04/21/2014 12:28 pm ET Updated Jun 21, 2014

Really? Surprised the Israeli/Palestinian Negotiations Crashed?

Not at all. Because it's about much more than rational details of borders, refugees, security, Jerusalem. Much more than just a "negotiation."

Trust was missing between Netanyahu and Abbas since the minute Netanyahu became Prime Minister.

Israel's previous Prime Minister, Ehud Olmert, had met with Abbas 36 times in less than two years, often in each others' homes for dinner. They got very close to nailing down the details of a historic agreement. Netanyahu and Abbas (who live and work less than 10 miles apart) have met maybe three times in five years, always chaperoned, like teenagers.

I've been working on a documentary, "A Third Way - Settlers and Palestinians as Neighbors" for about five years now. It focuses on Rabbi Menachem Froman and his younger proteges, Palestinian and Israeli. Froman was of course notorious for being long-term friends with Yasser Arafat, and for meeting many times with Sheikh Ahmed Yassin, the spiritual founder of Hamas. In a 1998 talk Froman gave to a group of American Jews, he asked it this way, "Do you know what happens when you put two fundamentalists in the same room, without introduction?" And the punchline, "They become human!"

All the characters in "A Third Way" say, in one way or another, the same thing: You have to meet "the enemy" -- something happens when you are face to face with him or her (preferably sharing strong coffee). The process of developing trust in the tribal Middle East is often related to respect, hospitality, or most simply -- getting together over a meal.

Ziad, who lives in a town outside Bethlehem, and met with Froman many times (in Froman's home and elsewhere), said similarly: "The best way to kill the fear between people -- is meeting."

An American Israeli Rabbi, Yehoshua Looks, started a recent article of his with a question someone had asked him at a shabbat meal, "Have you ever spent time with a Palestinian?" He admitted he hadn't -- and then in the article goes on telling about his touching experience talking with Ali Abu Awwad, a Palestinian activist.

Contrast this with Benjamin Netanyahu. He probably got his attitudes first from his father, Benzion, an activist in the Revisionist Zionism movement (a precursor to the Likud party of his son). Netanyahu the elder said in a 2009 interview: "The Jews and the Arabs are like two goats facing each other on a narrow bridge. One must jump to the river - but that involves a danger of death. The strong goat will make the weaker one jump ... and I believe the Jewish power will prevail."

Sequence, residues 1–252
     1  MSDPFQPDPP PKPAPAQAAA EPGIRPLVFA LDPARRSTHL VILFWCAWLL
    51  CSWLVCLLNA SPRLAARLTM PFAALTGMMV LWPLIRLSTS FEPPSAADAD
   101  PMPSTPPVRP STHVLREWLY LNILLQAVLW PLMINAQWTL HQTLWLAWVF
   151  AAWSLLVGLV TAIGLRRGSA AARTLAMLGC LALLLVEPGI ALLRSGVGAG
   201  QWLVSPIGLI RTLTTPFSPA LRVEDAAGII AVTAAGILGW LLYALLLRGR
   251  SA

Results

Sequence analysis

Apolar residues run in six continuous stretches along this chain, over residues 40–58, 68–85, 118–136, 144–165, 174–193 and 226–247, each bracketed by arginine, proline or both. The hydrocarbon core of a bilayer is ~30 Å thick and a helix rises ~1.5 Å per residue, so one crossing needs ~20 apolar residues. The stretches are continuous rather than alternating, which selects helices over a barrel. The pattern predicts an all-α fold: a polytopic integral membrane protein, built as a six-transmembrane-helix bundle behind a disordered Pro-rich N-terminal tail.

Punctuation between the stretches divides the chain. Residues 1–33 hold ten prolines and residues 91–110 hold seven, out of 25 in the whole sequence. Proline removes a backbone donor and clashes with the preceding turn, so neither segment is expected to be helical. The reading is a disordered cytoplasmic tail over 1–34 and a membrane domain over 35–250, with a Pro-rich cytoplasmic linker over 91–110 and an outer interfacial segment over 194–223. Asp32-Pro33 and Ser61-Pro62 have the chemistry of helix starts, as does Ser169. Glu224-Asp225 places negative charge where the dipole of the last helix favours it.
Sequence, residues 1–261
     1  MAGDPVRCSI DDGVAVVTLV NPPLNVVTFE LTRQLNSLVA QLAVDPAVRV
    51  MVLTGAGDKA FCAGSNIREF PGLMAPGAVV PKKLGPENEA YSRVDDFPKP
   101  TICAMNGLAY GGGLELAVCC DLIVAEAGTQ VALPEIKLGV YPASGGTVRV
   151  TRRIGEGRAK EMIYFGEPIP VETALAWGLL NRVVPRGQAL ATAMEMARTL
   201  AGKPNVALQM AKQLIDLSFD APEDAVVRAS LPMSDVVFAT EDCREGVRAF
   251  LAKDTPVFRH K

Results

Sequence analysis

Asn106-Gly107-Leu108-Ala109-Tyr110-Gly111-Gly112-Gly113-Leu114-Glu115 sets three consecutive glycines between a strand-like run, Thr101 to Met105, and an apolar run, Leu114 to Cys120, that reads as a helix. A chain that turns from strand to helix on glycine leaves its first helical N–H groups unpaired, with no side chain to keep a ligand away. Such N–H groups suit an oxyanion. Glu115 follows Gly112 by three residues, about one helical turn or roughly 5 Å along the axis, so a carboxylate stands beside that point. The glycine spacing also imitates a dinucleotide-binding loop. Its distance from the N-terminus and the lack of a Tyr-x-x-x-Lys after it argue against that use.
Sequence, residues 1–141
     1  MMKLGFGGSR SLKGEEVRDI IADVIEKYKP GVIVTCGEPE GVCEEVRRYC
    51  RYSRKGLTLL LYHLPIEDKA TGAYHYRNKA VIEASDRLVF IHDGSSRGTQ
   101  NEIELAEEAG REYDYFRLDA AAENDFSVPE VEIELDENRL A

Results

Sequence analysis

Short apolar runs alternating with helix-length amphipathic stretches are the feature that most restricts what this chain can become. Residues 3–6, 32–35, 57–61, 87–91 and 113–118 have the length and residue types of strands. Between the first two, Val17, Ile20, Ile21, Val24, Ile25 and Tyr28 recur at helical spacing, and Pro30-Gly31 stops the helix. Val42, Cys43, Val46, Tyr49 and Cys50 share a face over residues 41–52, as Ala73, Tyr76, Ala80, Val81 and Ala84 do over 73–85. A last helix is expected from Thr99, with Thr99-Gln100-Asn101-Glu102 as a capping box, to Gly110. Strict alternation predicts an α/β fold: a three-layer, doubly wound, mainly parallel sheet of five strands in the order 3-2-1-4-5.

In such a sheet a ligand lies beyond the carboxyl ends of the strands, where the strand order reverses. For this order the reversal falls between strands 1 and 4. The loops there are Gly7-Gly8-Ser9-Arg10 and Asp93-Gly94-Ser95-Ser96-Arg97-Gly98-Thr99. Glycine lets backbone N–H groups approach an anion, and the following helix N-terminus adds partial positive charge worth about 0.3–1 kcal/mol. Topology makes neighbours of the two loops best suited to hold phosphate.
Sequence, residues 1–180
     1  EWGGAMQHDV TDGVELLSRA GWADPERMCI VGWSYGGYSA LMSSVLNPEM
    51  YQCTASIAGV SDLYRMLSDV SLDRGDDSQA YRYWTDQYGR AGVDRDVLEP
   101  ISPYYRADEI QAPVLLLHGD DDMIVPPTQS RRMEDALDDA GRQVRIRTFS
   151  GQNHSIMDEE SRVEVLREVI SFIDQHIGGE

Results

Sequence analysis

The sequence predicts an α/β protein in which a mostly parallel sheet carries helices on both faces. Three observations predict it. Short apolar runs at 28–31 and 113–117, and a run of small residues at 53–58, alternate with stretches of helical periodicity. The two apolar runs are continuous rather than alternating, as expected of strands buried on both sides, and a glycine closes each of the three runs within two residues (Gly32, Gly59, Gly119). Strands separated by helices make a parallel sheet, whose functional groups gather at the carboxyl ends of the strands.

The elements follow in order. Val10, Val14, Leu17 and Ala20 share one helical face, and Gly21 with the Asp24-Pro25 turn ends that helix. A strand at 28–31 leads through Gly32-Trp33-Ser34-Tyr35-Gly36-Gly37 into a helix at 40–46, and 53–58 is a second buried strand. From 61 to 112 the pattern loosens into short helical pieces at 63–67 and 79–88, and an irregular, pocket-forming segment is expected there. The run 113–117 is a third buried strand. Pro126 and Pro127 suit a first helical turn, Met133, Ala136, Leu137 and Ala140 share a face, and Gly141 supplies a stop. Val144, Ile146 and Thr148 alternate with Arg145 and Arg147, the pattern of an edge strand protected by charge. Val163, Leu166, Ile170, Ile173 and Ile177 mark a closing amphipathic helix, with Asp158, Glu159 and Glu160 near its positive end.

Can't get more win-lose than this. Unfortunately, many Israelis (and Palestinians) hold similar views. And with the segregation inherent in the Occupation (most West Bank Palestinians and Israelis never meet -- except when the former meet the latter as soldiers, usually at checkpoints) -- these attitudes stay hardened.

One of the best things about making a documentary movie that takes a few years to finish, is you become friends with many of the characters. One of the characters in "A Third Way" has visited our home in Jerusalem several times. One time he showed us (the main audience was my seven year old son), how to make "balouza," a Palestinian pudding.

The clincher was when my Palestinian friend grated chocolate on top of the pudding.

Since then, my son has made balouza several more times, each time discovering another type of topping.

Rabbi Froman often liked his meetings to be dramatic. But the ingredients were the same: developing trust, rapport. When we went to Qusra, in the Northern West Bank, the Israeli army jeeps wisely left us at the edge of the village, and we went in alone. Village elders led us into the mosque, and we saw the blackened remains of the burning tire that had been rolled in by extremist settlers. Then outside, Froman stood on the steps of the mosque and addressed the 200 or so villagers who had come to meet him. The first words he said were in their language, Arabic, familiar words praising God: "Allahu Akbar" -- "God is great". Immediately, the villagers answered in unison the same way, "God is great."

Yes, there are many obstacles, much innocent blood has been shed in this part of the world. And still it's amazing how quickly trust can begin, especially when you're making and eating a tasty dessert together.